It’s Time to Start Your Autumn Garden

It’s Time to Start Your Autumn Garden

We’re still weeks away from my first summer tomato, and it feels like I just got all my tender summer starts and seeds in, but I know better: I can’t put away the seed-starting trays because Autumn and winter planting are right around the corner, and I need to be thinking about them now.

When it’s time to shift to from summer to Autumn crops

When you’re planting for summer, you want to at least give some thought to where you’ll put your Autumn crops, because they often need to go in well before end of summer. Brussel sprouts, for instance, go into the ground in June and grow alongside your other plants. Onions are another example of long crops that need plenty of time to mature. Parsnips need to go in now in order to have time to mature.

Then there are your short summer crops. We have trouble letting go of tomatoes and eggplants, but at some point, your radishes and peas will be mostly spent, and you can turn them over into Autumn planting spots. Also consider that if a crop isn’t doing well, rather than spending a lot of time trying to save them and risking adjacent plants, you can turn that space over for Autumn plantings. It’ll soften the blow if you can recoup some of your garden.

Basic crops to grow during the Autumn

My singular goal through winter is to always be able to go grab a carrot, onion, and celery outside. These three vegetables are the basis of most of my winter soups, stews, and roasts, and it is rewarding to be able to source them yourself.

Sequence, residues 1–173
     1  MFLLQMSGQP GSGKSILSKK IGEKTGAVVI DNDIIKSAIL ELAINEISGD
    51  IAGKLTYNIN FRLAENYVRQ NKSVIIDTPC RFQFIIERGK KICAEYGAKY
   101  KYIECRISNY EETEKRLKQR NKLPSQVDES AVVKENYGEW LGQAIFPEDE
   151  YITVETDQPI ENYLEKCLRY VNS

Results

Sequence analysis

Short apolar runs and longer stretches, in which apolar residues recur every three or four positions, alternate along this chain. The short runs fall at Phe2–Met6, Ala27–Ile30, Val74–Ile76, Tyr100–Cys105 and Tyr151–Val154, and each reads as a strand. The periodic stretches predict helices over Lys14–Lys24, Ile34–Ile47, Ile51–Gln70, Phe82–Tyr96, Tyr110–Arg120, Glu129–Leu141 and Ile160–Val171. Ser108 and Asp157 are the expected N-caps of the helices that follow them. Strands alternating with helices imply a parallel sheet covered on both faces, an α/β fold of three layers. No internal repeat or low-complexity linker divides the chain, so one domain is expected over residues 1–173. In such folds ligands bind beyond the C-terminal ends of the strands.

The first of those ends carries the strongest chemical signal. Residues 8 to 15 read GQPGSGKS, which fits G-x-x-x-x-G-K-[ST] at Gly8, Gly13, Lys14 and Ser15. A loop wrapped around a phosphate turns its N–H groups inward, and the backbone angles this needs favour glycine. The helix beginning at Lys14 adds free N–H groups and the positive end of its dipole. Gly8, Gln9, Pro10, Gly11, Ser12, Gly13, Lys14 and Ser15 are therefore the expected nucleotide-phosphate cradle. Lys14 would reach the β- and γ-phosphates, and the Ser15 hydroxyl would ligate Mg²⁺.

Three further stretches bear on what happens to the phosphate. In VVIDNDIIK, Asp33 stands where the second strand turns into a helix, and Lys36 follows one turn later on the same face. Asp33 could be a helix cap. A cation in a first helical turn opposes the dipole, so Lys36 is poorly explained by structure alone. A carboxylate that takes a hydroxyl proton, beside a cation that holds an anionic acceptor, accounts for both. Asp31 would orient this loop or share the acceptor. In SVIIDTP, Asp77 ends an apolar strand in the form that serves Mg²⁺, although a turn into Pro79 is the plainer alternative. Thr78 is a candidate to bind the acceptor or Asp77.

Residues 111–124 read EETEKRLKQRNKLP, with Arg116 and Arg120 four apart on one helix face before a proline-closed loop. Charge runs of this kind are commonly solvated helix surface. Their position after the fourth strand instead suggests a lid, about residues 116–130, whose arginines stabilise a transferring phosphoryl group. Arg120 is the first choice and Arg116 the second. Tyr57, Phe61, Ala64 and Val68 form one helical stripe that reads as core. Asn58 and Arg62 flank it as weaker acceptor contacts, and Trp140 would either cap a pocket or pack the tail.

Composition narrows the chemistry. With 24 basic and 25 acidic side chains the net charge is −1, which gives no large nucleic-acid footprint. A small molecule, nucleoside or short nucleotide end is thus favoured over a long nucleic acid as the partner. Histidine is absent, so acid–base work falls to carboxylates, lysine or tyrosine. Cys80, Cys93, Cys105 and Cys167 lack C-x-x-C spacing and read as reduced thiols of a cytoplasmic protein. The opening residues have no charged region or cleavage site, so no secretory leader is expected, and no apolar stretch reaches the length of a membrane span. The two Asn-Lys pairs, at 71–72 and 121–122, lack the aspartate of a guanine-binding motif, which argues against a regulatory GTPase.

Carrots are short crops, meaning they don’t require long, but in the Autumn, with shorter sun exposure, they take longer to grow. Luckily, carrots hold well in the ground, particularly if you get storage carrots. This also explains why the farmers markets have giant gnarly carrots in November, but those adorable bright baby carrots in summer.

Celery can be perennial in the right climate, so be sure to get some into the ground this summer. But if it looks like its starting to bolt by forming flowers, yank it out and get new starts in before Autumn, when it’ll have an easier time in the cool weather. You can also let some of it go to seed if it bolts — some of the seed you don’t collect will drop and hopefully form new celery next year.

Onions should be planted now, either from seed or bulbs you can get at the garden store, but biweekly reseeding of green onions will ensure you have some to grab this Autumn. And if you want leeks, now is the time to get those seeds in the ground — they are long crops, so you’re growing for next spring.

Everything else you can grow through Autumn

As my summer crops go to seed, I like to replace them with well-developed Autumn starts, rather than trying to start new crops from seed. I try to get a number of different broccoli, including a variety of bolt-resistant compact green broccoli, but also the resprouting variety. I particularly like purple resprouting — this means you can harvest just the head of the broccoli, and it will continue to sprout smaller and smaller offshoots that you can continue to harvest. Growing different varieties means they’re likely to be ready at different times so you don’t have broccolimageddon.

Grow a wild diversity of cauliflower: white, purple, cheddar (the pale orange variety you see in grocery stores), as well as romanesco, the dramatic pixelated chartreuse-looking variety of cauliflower.